Author Affiliations: Departments of Medicine (Dr Tang) and Emergency Medicine (Drs Stein and Hsia), University of California, San Francisco (firstname.lastname@example.org).
In Reply: Dr Sonnenfeld and colleagues are concerned that a change in the way information on primary expected payer was collected in the NHAMCS between 1997-2004 and 2005-2007 biased our calculation of ED visit rates by payer source. Based on our reassessment, these coding issues do not appear to have affected our findings significantly for several reasons.
First, this change in coding affected the population of people in the United States who had both Medicare and Medicaid (dual eligibles). Due to the way payer source data was collected in NHAMCS, we were only able to identify dual eligibles beginning in 2005. However, there is no reason to believe there was a substantial change in the dual eligible population between 2004 and 2005. In our study, the dual eligible population in 2005 had an estimated 3.1 million visits, or 2.7% of total ED visits. In 2007, the number of visits from dual eligibles was estimated at 3.5 million, or 3.0% of total ED visits. We do not think such a small percentage change over time would significantly alter our findings.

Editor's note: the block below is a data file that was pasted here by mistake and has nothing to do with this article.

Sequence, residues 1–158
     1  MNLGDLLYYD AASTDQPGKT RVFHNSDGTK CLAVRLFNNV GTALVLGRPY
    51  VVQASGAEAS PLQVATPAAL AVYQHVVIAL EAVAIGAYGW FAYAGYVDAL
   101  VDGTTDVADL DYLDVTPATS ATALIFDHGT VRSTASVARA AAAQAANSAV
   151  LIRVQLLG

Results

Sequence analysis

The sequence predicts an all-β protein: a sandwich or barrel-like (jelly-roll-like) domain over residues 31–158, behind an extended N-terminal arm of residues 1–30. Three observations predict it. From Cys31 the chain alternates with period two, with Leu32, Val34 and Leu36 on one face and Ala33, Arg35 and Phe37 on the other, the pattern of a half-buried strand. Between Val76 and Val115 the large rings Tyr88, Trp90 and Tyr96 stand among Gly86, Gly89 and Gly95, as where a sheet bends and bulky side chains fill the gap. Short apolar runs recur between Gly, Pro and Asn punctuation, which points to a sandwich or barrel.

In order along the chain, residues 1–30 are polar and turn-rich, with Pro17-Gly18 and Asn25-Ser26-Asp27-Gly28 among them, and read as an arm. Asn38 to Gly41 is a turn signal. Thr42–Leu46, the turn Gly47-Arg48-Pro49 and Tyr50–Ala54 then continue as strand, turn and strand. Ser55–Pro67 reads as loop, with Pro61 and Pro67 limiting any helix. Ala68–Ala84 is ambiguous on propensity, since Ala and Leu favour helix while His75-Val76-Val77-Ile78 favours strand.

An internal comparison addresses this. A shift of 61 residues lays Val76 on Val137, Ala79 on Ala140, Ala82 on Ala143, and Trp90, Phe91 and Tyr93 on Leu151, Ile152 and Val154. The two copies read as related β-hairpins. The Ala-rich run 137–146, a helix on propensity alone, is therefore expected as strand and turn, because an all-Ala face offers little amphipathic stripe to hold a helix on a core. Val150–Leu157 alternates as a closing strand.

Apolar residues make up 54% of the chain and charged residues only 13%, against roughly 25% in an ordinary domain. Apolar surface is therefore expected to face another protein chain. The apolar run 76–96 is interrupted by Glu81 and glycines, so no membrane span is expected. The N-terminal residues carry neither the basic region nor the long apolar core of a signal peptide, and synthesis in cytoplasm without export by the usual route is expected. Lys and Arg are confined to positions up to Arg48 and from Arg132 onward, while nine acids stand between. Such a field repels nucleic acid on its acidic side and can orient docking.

Tang N, Stein J, Hsia R. Trends in Emergency Department Visits Among Medicaid Patients—Reply. JAMA. 2011;306(11):1202-1203. doi:10.1001/jama.2011.1327